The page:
Prestigious Cherry Award Goes to NREL Scientist
A physicist from the U.S. Department of Energy's National Renewable Energy Laboratory who was a pioneer in multi-junction solar cells for use in outer space and on planet Earth has been awarded the prestigious Cherry Award by the Institute of Electrical and Electronics Engineers (IEEE).
Jerry Olson, a principal scientist at NREL, received the award at the IEEE's annual Photovoltaic Specialists Conference in Seattle.
Olson pried open the door for multijunction solar cells by showing that a top cell of gallium indium phosphide and a bottom cell of gallium arsenide can capture and convert photons more efficiently into electricity than previous attempts at using other materials.
He and his coworkers showed that the multijunction concentrator cells not only use a fraction of the precious electronic materials used by the thicker flat plate cells, but that they can capture more light through the course of a day.
Olson's breakthrough was embraced by NASA, which uses multi-junction solar cells based on his invention to power most space satellites as wells as the Mars rovers Spirit and Opportunity.
To come up with the ideal materials to make a highly efficient solar cell requires an almost slavish attention to the Periodic Table of Elements, as well as a mastery of physics and good instincts.
From Utah with a Saxophone
That those skills were embodied in Olson, who started out college as a music major, is all the more intriguing.
He grew up in Utah playing the saxophone. Even after he switched from music to physics at the University of Utah, it wasn't until years later "that I could even spell ‘photovoltaics,'" Olson said.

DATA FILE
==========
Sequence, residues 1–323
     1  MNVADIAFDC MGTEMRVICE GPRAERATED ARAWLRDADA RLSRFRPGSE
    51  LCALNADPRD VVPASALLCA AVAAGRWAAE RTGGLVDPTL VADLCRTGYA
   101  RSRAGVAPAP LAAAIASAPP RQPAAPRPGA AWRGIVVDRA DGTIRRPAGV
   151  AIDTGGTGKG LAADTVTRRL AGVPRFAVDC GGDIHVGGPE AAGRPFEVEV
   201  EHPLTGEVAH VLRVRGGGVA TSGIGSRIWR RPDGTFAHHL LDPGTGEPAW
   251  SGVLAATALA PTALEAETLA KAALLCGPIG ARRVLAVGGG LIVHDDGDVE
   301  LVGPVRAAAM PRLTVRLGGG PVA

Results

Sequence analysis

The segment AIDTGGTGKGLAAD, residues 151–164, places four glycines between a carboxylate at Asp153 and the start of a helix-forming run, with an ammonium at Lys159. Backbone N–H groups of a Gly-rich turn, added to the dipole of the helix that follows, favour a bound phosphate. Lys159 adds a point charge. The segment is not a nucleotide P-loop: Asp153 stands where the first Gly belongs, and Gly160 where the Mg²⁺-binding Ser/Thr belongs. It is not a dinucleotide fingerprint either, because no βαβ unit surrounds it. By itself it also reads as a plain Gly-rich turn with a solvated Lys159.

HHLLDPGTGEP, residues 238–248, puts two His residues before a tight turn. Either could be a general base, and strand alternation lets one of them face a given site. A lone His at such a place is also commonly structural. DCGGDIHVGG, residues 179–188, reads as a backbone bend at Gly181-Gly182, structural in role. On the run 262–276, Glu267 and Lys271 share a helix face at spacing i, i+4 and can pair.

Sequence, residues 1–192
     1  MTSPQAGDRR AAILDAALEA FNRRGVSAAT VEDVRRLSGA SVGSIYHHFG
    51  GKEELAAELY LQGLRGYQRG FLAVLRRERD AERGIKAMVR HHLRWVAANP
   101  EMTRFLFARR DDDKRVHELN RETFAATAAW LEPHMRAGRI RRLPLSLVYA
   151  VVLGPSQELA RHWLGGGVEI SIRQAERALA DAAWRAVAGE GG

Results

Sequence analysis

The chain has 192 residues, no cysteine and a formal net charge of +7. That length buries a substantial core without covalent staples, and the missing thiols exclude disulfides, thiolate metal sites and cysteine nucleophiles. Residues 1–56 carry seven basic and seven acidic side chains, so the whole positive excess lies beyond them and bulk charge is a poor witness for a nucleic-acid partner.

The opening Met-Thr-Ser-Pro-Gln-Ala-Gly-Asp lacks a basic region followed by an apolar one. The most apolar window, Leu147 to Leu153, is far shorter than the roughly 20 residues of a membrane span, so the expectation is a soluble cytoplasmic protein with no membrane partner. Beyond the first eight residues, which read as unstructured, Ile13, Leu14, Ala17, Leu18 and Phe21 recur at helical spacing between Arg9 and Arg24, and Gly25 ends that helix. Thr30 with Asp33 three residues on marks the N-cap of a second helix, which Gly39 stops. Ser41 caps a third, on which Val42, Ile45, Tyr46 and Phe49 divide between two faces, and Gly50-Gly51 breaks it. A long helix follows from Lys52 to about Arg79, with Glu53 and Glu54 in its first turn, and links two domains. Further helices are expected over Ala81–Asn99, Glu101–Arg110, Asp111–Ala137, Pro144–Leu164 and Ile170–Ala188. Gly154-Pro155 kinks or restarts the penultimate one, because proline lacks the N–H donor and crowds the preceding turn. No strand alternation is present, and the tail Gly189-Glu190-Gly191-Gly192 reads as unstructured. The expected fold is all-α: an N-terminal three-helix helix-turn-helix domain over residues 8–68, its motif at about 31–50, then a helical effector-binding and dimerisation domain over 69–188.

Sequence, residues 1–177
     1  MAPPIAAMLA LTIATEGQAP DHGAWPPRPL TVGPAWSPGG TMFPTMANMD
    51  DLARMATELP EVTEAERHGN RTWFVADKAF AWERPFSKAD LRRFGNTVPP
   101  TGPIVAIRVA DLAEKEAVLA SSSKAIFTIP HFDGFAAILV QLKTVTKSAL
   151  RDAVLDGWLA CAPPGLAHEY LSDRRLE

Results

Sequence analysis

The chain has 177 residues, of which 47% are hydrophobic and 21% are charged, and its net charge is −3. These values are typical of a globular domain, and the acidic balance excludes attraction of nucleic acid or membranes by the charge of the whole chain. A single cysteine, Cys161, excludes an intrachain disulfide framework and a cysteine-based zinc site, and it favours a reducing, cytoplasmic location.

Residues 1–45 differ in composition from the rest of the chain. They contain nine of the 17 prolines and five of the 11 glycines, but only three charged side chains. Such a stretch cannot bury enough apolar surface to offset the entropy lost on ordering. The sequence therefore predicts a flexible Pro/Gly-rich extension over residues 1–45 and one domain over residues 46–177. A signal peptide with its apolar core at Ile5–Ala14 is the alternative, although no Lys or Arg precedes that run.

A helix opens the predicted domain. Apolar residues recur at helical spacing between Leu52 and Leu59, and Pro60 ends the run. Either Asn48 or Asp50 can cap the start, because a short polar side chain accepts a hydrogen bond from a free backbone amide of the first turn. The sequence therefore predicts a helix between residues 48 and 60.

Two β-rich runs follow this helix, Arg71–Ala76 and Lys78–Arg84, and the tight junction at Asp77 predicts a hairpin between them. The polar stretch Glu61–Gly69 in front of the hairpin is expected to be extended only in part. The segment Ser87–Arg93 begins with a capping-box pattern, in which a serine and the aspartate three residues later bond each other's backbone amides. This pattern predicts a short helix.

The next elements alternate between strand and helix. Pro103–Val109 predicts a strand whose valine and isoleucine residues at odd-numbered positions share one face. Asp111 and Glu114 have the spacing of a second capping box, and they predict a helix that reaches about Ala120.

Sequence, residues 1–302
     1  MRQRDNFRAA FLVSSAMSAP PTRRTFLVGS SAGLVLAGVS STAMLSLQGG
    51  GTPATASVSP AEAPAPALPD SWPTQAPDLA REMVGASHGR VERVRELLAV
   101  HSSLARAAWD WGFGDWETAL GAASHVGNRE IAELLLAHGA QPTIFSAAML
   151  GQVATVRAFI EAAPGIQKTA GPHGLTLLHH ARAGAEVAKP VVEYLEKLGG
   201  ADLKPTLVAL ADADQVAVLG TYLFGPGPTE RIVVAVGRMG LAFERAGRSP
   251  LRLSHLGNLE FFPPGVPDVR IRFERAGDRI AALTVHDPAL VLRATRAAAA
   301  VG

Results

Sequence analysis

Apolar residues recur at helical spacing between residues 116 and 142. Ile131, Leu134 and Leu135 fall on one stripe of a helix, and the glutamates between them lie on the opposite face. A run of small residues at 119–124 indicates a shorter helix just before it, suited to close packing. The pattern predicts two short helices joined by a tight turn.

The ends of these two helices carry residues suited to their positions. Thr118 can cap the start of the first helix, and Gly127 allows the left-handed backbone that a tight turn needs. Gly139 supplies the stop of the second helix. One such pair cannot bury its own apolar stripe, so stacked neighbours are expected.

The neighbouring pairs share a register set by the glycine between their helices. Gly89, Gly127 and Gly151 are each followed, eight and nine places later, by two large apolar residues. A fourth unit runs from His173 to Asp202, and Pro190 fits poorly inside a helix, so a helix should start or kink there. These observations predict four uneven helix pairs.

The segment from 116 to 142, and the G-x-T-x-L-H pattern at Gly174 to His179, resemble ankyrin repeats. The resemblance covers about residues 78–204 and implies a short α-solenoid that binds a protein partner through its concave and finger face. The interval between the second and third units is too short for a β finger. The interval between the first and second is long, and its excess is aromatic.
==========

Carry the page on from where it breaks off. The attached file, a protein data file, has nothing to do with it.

Despite the inauspicious start, Olson in 1978 landed a job at the fledgling Solar Energy Research Institute in Golden, Colo., the precursor to NREL. His assignment: to purify silicon.
He did that for a few years, patenting a new method for refining silicon. Then, in 1982, a change of emphasis switched priorities away from silicon cells and to new materials.
"At first I was kind of miffed that we wouldn't be allowed to develop some promising ideas, but I also know that change is sometimes good," Olson recalled.
Turning Photons into Currents of Electrons
Solar cells work by converting photons into electrons capable of producing electrical power. This can happen in a class of materials called semiconductors. In the dark, most electrons in a semiconductor are confined to the valence band where the electrons are bound to individual atoms and are not free to move. Semiconductors also have what is called a conduction band where electrons are free to move. But an electron can only occupy the conduction band if it receives energy from another source, such a photon. The photons must have energy equal to or greater than the so-called band gap between the conduction band and valence band of the semiconductor.
Solar cells convert absorbed sunlight to electrical power such that the current is proportional to the number of electrons that jump the band gap and the voltage is proportional to the band gap energy.